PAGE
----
| IUPAC name
| Preferred IUPAC name
| Systematic IUPAC name
| Other names
|Molar mass||94.49 g/mol|
|Appearance||Colorless or white crystals|
|Melting point||63 °C (145 °F; 336 K)|
|Boiling point||189.3 °C (372.7 °F; 462.4 K)|
|85.8 g/100ml (25 °C)|
|Solubility|| Soluble in acetone, benzene, chloroform, diethyl ether, ethanol, methanol|
Slightly soluble in carbon tetrachloride, hexane
|Vapor pressure||6.50·10-2 mmHg at 25 °C|
Std enthalpy of
|Safety data sheet||Sigma-Aldrich|
|Flash point||126 °C (259 °F; 399 K)|
|Lethal dose or concentration (LD, LC):|
LD50 (Median dose)
|165 mg/kg (mouse, oral)|
| Acetic acid|
Except where otherwise noted, data are given for materials in their standard state (at 25 °C [77 °F], 100 kPa).
Chloroacetic acid or monochloroacetic acid (MCA), is an organochlorine compound with the formula ClCH2CO2H.
Hydrolysis of chloroacetic acid will yield glycolic acid.
- ClCH2COOH + 2 NaOH → OH-CH2COONa + NaCl + H2O
Chloroacetic acid is a colorless solid, very soluble in water.
Chloroacetic acid is difficult to acquire in some countries, as it's very toxic. Its salts however, are much more accessible and safer to handle and can be bought online.
Chloroacetic acid is prepared industrially via two routes.
The predominant method involves chlorination of glacial acetic acid, with acetic anhydride as a catalyst, in the presence of UV light. Sulfur can also be used as catalyst, as can red phosphorus.
- CH3COOH + Cl2 → ClCH2COOH + HCl
This reaction also produces acetyl chloride as side product, which may be recovered.
The other main industrial route to chloroacetic acid is hydrolysis of trichloroethylene using sulfuric acid as a catalyst.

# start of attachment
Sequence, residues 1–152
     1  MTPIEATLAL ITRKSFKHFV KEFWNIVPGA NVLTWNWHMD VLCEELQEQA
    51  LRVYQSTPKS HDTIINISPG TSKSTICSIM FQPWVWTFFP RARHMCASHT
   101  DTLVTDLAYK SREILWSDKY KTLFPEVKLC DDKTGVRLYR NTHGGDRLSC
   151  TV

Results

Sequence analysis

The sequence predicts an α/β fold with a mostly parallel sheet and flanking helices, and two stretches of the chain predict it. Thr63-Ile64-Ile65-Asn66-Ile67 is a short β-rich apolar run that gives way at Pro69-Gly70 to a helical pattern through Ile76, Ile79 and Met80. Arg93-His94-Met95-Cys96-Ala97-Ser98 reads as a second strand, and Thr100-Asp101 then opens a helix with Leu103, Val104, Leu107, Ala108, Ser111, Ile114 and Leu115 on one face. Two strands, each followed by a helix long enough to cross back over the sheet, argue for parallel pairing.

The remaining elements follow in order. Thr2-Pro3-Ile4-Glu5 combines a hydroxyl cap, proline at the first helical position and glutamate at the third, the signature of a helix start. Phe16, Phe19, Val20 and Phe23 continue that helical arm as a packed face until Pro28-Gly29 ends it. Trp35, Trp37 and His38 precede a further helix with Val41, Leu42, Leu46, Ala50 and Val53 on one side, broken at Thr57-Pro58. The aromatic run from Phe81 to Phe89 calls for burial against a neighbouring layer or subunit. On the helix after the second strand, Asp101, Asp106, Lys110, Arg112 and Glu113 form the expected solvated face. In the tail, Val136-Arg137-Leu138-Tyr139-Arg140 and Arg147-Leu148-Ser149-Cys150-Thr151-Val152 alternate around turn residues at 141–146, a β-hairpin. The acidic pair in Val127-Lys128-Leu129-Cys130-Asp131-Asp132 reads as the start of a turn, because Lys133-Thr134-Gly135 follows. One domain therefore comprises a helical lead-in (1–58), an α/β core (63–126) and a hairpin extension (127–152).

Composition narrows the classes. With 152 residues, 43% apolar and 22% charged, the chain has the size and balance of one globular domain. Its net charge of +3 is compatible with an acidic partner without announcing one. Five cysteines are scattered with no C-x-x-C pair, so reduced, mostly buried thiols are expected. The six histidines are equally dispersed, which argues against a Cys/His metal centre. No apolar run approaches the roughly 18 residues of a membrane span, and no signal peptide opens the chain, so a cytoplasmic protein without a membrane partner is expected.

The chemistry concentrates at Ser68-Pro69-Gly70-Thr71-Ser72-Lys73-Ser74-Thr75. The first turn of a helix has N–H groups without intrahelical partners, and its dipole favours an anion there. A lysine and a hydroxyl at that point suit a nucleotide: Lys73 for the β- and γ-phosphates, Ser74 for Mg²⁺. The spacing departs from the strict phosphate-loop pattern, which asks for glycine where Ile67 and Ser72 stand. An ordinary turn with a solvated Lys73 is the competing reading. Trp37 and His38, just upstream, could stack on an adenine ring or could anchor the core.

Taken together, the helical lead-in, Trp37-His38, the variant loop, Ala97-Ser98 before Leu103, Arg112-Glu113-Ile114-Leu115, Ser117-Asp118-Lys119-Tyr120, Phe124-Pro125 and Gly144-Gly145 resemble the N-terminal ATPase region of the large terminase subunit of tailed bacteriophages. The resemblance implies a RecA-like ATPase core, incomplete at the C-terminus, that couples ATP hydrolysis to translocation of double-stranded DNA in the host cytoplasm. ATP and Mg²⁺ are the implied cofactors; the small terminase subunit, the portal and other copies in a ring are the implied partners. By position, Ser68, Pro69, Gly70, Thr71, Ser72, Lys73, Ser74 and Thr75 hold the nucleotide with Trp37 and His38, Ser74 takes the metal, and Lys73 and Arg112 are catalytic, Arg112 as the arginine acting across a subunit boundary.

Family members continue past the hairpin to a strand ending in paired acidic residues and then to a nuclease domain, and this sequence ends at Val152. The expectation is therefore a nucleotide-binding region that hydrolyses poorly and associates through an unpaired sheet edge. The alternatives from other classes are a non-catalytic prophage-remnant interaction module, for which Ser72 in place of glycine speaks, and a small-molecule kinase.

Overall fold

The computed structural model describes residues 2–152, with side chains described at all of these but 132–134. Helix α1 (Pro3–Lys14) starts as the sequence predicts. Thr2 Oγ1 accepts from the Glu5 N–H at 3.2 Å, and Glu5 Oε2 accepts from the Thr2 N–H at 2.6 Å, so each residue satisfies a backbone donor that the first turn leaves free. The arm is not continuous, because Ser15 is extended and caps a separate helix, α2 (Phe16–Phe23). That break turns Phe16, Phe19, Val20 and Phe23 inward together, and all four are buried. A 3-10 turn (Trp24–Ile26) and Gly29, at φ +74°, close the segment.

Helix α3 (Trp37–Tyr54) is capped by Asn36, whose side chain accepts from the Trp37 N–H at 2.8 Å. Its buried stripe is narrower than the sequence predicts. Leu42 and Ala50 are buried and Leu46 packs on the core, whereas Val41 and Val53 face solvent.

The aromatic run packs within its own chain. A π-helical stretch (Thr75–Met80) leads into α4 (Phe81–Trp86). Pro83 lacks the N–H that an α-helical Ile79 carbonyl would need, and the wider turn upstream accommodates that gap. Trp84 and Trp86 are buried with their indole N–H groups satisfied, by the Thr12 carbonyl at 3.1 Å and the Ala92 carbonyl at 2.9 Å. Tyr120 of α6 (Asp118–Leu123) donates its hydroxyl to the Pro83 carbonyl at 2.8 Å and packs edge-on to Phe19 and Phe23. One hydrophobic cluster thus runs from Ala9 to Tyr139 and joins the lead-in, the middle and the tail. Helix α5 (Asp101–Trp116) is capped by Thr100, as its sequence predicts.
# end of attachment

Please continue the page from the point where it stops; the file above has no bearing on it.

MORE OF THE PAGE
- CCl2=CHCl + 2 H2O → ClCH2COOH + 2 HCl
The hydrolysis method produces a highly pure product, which can be important since mono-, di-, and trichloroacetic acids are difficult to separate by distillation.
Chloroacetic acid is toxic by inhalation, ingestion and skin contact. It is corrosive to metals and tissue. Wear gloves when handling the compound, and make sure you do not breathe the fumes.
Chloroacetic acid easily penetrates skin and mucous membranes and interferes with cellular energy production. Initial dermal exposure to high concentrations (e.g., 80% solution) may not appear very damaging at first, however systemic poisoning may present within hours. Exposure can be fatal if greater than 6% body surface area is exposed to chloroacetic acid. The sodium salt does not penetrate the skin as well as the acid but can be as damaging given a longer duration and greater surface area of exposure.
The antidote of chloroacetic acid poisoning is sodium dichloroacetate (50 mg/kg IV over 10 mins, repeated in 2h; double dosage if hemodialysis is performed).
Chloroacetic acid should be kept in closed bottles with a proper label.
Chlorocetic acid can be neutralized with an excess of sodium hydroxide to sodium glycolate, which can be poured down the drain.